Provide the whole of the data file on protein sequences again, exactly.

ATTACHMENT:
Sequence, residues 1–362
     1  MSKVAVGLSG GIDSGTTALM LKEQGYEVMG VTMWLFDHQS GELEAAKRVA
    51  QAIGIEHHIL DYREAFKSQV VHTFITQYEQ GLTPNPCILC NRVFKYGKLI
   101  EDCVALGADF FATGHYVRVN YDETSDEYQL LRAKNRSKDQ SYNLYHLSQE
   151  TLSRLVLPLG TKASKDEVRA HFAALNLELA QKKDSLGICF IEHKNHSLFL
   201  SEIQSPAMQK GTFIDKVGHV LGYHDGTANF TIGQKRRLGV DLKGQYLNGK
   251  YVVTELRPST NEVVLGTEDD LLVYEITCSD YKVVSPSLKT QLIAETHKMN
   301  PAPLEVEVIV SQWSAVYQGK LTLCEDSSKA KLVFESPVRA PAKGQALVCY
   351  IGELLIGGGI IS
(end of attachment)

Sequence, residues 1–362
     1  MSKVAVGLSG GIDSGTTALM LKEQGYEVMG VTMWLFDHQS GELEAAKRVA
    51  QAIGIEHHIL DYREAFKSQV VHTFITQYEQ GLTPNPCILC NRVFKYGKLI
   101  EDCVALGADF FATGHYVRVN YDETSDEYQL LRAKNRSKDQ SYNLYHLSQE
   151  TLSRLVLPLG TKASKDEVRA HFAALNLELA QKKDSLGICF IEHKNHSLFL
   201  SEIQSPAMQK GTFIDKVGHV LGYHDGTANF TIGQKRRLGV DLKGQYLNGK
   251  YVVTELRPST NEVVLGTEDD LLVYEITCSD YKVVSPSLKT QLIAETHKMN
   301  PAPLEVEVIV SQWSAVYQGK LTLCEDSSKA KLVFESPVRA PAKGQALVCY
   351  IGELLIGGGI IS